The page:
A consumer group named Public Citizen filed ethics complaints against Portland VA for unethical kidney transplant trails at the facility that lacked consent.
The trial paperwork indicated the kidney transplant trial subjects were deemed “nonhuman” despite kidneys being transplanted into live humans. The study failed to seek informed consent through normal channels because of the “nonhuman” classification.
The Portland VA Medical Center and University of California, San Francisco (UCSF) were involved in the study. Drs. Daren Malinoski and Claus Niemann led the study. Dr. Malinoski works at Portland VA. The Institutional Review Board (IRB) was conducted by UCSF.
The complaint from Public Citizen said participants in the study were not informed of the nature of the transplanted kidneys. Those kidneys came from brain dead donor bodies where the body was cooled prior to removal of the kidney as part of a study. The kidney gathered at experimental temperatures was then placed into a live human for research.
The purpose of the study was to gauge whether colder kidneys would result in quicker acceptance of the organ. The meta-goal of the study was to find cheaper ways to transplant kidneys.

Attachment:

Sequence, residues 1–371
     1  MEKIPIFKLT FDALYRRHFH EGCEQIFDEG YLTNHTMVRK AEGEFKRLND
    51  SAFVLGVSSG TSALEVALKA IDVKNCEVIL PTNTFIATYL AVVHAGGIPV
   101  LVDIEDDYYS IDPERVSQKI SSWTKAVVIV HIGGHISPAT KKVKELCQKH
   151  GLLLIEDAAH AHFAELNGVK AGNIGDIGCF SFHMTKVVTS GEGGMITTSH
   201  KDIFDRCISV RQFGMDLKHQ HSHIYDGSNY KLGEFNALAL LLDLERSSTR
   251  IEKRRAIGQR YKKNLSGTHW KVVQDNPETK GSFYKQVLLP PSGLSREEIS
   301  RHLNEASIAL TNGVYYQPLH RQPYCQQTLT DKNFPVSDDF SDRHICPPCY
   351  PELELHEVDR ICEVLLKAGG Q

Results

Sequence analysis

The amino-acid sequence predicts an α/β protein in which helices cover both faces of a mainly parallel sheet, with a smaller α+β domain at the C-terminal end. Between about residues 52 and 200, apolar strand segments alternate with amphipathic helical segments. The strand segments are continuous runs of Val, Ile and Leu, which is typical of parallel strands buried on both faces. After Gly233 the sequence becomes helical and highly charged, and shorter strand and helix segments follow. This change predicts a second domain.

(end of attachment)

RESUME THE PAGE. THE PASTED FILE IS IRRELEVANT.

PORTLAND VA / UCSF STUDY ERRORS
The recipients were apparently not informed. According to the Public Citizen complaint, the organizations failed to reach a few obvious and common sense related conclusions prior to the study being conducted:
- Failure to recognize trial as involving human subjects research
- Failure to satisfy IRB review and approval requirements
Not surprisingly, these two researchers and the IRB panel failed to recognize the subjects of the study were human. While the donors were brain dead, the recipients of the kidneys subject to the cooling experiment were most certainly human.
Should we be surprised that Ivory Tower type researchers would erroneously conclude recipients of experimentally harvested kidneys are not human? Do you ever wonder if VA at large considers us humans with rights, at all?
The complaint indicates that the error of judgment about the humanness of the study resulted in the participant doctors failing to seek informed consent from the 572 recipients.
This news made me wonder an obvious question:
How many more similarly mistaken IRB reviews have concluded veterans are not humans where informed consent is required?
In the name of conducting human experiments to save money, researchers apparently concluded humans were not humans. How many of these “nonhumans” were veterans?